Rebalancing. Last year has been a pretty chaotic with a lot of surprises lurking round the corner. It has been extremely hectic, both at home and work. I’m not the only one who has experienced this. I believe most people do. As the new year starts, it is time to take stock of matters and rebalance our lives. For me, that would be focusing on providing quality time with my family, carving out time for health and exercises and balancing on resources to areas that I have neglected last year.
Knowing what matters. We have many priorities in life, some more important than others, but they do not necessarily have the same weight for everyone. For instance, some people value family more than anything else in the world, some view material wealth above all. No matter what you deem as most important, it is vital to devote and focus on things that matters the most to you. The rest are just noise.
Picking up new skills. Progression is a must, otherwise we will be going the way of the Dodo. We risk being left behind if we stay stagnant and picking up new skills gives you more confidence and open up new doors. This year, I will continue to pick up new skills and improve myself, not necessary at work but also in different areas of my life. There is no limit to improving yourself.
Remembering to live in the now, the present moment. This is self explanatory I hope. The past is gone, you can never get it back again. The future has yet to come. Now is the time when you can write your future. A good example would be when you are with your family, enjoy the present moment with your loved ones. Stop thinking about work and checking your mobile phone for work email. Be in the now with your family. And when it is time to work, focus on your work and not surfing mindlessly on the internet.
Continuing to write. Writing is a hobby that I have always liked. Although I am not good at it, it serves as a way to perhaps release pent up ideas and thoughts. If it is possible, I do hope to pen down my experience so that someone might find it useful for them. I am currently working on a mini project to bring “I am Doufu” to another platform to get a feel into new technologies and/or concepts. Stay tune for updates in this blog and/or my Twitter.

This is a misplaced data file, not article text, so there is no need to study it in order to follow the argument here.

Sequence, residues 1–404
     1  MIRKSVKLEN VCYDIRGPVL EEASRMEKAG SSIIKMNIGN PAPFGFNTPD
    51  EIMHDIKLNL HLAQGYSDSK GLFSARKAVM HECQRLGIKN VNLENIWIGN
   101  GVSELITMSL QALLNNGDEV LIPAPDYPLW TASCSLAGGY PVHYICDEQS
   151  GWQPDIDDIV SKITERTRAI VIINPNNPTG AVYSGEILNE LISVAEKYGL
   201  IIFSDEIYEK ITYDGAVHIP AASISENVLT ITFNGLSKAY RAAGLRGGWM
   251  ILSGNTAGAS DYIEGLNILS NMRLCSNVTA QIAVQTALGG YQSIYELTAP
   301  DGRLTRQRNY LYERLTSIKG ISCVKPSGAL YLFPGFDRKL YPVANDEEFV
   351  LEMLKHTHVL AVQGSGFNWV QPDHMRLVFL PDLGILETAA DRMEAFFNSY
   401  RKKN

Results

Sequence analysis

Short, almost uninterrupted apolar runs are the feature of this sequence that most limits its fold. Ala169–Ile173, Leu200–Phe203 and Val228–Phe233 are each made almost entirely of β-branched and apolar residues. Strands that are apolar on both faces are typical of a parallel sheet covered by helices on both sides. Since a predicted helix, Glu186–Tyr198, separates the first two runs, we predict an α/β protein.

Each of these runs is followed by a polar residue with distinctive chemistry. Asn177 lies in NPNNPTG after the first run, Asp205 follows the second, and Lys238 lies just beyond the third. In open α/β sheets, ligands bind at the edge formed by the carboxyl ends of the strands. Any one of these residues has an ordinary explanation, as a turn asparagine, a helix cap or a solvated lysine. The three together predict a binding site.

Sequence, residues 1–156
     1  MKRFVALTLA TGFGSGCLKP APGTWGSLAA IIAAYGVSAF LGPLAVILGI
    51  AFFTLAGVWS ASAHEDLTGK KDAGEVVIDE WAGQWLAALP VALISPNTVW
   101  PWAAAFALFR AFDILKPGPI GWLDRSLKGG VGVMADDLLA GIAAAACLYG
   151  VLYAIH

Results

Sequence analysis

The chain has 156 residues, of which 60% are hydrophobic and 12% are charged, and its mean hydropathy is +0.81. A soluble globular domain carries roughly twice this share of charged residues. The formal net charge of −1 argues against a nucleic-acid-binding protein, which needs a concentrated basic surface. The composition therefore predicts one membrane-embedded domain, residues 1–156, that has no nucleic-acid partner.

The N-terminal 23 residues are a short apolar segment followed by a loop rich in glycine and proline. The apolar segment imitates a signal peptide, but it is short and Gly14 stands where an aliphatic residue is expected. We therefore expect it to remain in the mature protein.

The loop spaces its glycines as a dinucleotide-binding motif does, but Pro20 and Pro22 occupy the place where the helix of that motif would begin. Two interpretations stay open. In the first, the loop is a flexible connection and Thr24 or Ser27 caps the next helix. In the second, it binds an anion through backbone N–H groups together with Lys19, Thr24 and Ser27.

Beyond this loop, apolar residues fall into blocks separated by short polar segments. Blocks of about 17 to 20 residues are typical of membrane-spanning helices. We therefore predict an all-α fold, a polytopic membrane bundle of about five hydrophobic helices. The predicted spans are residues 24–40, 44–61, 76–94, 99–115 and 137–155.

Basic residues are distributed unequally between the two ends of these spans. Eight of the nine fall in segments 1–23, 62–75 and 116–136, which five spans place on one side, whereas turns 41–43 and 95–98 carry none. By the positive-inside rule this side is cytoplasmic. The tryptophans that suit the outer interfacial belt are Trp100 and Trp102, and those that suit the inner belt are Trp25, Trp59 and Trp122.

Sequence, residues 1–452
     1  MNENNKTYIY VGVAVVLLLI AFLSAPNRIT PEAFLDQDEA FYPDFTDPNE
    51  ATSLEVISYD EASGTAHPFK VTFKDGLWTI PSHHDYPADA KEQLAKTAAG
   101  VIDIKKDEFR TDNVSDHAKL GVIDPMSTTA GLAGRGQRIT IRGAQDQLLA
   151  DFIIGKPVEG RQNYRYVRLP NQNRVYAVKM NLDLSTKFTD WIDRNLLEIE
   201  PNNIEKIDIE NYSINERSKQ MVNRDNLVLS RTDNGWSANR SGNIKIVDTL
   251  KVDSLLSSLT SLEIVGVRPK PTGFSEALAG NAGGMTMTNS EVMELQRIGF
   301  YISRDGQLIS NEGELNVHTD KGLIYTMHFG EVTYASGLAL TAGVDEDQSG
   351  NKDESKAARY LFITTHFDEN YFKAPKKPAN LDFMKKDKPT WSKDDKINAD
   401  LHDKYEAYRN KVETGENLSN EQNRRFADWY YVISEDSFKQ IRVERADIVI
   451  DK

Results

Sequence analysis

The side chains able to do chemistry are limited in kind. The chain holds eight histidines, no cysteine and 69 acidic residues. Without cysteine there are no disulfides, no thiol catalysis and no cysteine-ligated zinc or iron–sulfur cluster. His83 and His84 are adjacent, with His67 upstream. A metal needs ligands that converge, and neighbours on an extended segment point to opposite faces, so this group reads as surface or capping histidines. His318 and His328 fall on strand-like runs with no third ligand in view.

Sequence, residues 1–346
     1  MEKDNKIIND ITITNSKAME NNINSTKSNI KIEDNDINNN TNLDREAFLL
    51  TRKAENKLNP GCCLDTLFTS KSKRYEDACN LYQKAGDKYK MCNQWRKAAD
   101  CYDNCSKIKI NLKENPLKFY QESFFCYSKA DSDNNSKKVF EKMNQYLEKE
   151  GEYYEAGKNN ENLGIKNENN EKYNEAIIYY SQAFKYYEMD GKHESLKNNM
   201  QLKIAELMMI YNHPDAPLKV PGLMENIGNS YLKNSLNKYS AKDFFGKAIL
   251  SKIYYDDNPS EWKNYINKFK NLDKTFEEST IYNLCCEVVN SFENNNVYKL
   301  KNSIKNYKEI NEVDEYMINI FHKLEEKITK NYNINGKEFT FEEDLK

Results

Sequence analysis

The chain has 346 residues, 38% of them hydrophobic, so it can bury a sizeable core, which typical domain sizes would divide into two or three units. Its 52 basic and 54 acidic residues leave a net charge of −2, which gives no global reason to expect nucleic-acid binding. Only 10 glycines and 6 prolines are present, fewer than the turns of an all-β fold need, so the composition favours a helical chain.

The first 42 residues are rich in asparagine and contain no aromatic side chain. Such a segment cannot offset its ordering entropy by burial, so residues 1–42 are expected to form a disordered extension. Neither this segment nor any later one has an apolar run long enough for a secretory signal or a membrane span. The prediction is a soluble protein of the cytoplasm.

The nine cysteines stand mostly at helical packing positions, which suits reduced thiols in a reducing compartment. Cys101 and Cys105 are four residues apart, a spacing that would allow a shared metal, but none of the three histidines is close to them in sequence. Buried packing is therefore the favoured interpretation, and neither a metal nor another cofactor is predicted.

I think that it is a good practice to reflect and set a guide on what you want to explore or achieve in the new year. Not to set a hard target or timeline but something to point you in the right direction. As proven in 2021, things will not always go the way you want but having a plan and direction is still better than floating around aimlessly.
With that let us embark on our adventurous journey towards 2022!
In a twinkle of an eye, 2021 is ending soon and 2022 is approaching round the corner. A lot of things have happened this year and it made January 2021 seems just like yesterday. People says, “Times flies while you are having fun.”, unfortunately this year does not seems fun at all. Not at all. But let us have faith and conviction that no matter what happens, we can make lemonades out of lemons. And reviewing the year’s events and performance let us learn and do better.
The early part of my 2021 started with venturing out on a new development platform – Microsoft Dynamics 365 (CRM) with a new CRM consultant. An exciting new prospect was an understatement. It has become a challenge, and at times a source of friction, even for the company as a whole. However, it is still a work in progress and I hope that in 2022, we are able to get the resources we badly need and put ourselves (and the company) in a better position to grow from it. To be honest, I am fine with working on Microsoft CRM under certain conditions, but Microsoft Business Central 365 is still the best platform to work with as compared to Microsoft CRM.